Seeing in the Land of the Living: Fear, You Don’t Own Me (Part 4)

This isn’t the first time fear and I have battled.

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My husband, Dan, works on Saturdays about twice a month. I am a morning person, however, I enjoy a slower start to my weekend mornings. On Saturday’s Dan works, I usually spend my time drinking all the coffee while blaring worship music, reading, or writing. However, one Saturday in early November 2018 was different.

I woke up at 3:00 in the morning terrified Dan was going to miss his flight. Friends, Dan wasn’t flying that day and I still have no idea where this weird fear came from. The first time I woke up, it took me a few minutes to shake it before falling back asleep. However, I kept waking up fearful over and over again. Fearful he hadn’t packed. Fearful because I wasn’t sure where his ticket was in the house. Fearful he was going to be late. Fearful the weather was going to be bad. Fearful his plane would crash.

When his alarm finally went off, I was exhausted. This isn’t the first time fear and I have battled. However, it took me a bit to get to the root of it this time. Fear has been known to be sneaky in my life. It creeps in disguised as something else, and if I am not diligent it takes root. After taking root, it invites more ugly friends (like anxiety) to come to join it.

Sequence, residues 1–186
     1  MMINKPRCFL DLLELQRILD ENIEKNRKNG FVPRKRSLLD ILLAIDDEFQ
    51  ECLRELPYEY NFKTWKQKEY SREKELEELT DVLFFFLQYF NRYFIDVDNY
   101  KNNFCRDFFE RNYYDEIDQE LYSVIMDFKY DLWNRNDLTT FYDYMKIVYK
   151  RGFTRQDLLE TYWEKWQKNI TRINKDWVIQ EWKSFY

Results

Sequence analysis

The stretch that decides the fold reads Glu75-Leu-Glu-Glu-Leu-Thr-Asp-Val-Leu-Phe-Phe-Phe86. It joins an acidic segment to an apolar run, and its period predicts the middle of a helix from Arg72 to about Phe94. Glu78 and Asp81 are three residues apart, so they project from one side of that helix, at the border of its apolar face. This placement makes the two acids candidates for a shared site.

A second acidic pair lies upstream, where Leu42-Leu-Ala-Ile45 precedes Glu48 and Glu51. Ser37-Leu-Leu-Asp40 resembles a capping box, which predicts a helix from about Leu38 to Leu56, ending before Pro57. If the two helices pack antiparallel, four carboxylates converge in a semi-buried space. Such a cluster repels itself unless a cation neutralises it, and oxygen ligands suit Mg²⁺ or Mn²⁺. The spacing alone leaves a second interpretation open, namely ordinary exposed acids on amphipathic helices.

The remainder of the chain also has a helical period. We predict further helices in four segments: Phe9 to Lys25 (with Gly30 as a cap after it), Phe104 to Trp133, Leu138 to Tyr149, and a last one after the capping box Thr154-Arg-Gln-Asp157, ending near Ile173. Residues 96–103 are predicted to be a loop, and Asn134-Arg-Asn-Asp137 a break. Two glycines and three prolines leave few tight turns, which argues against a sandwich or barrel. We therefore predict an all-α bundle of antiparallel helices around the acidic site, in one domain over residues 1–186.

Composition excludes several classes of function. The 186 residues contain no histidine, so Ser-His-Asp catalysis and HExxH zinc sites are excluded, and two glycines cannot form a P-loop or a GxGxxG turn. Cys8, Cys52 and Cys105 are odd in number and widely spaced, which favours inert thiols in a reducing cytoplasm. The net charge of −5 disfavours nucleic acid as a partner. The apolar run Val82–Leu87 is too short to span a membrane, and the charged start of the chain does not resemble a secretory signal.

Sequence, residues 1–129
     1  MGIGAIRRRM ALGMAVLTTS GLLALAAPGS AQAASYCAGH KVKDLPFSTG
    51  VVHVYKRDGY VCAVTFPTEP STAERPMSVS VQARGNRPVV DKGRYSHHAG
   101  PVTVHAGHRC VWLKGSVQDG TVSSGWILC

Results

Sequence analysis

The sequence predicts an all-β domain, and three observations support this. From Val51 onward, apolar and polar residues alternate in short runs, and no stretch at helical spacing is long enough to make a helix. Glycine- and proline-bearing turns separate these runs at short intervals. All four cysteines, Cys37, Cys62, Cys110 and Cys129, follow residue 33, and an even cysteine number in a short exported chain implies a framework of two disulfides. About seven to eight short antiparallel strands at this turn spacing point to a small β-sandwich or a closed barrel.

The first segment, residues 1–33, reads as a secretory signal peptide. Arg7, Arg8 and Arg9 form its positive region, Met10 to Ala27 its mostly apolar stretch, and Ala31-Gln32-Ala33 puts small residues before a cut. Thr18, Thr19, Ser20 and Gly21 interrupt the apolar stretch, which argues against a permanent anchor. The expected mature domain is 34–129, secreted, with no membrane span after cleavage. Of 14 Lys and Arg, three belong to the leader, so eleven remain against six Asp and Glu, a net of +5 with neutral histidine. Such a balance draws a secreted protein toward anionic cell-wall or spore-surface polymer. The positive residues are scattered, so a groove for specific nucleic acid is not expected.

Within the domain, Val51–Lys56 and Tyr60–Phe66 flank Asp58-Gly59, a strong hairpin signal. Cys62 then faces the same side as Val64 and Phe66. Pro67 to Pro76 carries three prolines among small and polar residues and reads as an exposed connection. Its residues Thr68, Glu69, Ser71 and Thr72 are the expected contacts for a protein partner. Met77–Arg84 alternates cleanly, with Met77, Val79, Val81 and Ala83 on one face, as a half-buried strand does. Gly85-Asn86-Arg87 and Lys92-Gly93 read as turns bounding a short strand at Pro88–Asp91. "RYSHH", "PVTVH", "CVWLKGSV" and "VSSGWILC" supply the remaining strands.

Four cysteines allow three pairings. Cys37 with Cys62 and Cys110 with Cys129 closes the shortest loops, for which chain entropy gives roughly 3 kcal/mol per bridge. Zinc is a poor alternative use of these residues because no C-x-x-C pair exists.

Let me explain, Dan may not have been taking a flight anytime soon, but I did have a big medical appointment in two days. An appointment that we had been praying over for a long time. An appointment that we were expecting miracles to be confirmed.

Fear knew if it came in as doubts for that appointment, it would be quickly dismissed. I had been speaking truth over that area of my life for weeks, and fear didn’t stand a chance on that battleground. However, fear of a pretend flight…. yep, that would distract me. It would have been easy to push that fear aside. Dan wasn’t flying anywhere, so it was silly to even address that thought right?

Wrong. No matter how ridiculous fear looks like when it comes in, we need to take it captive. If I wouldn’t have addressed the fear of a pretend flight, it could have easily led to other fears and anxieties that would have completely distracted me from what really mattered. 2 Corinthians 10:5 says this:

We demolish arguments and every pretension that sets itself up against the knowledge of God, and we take captive every thought to make it obedient to Christ.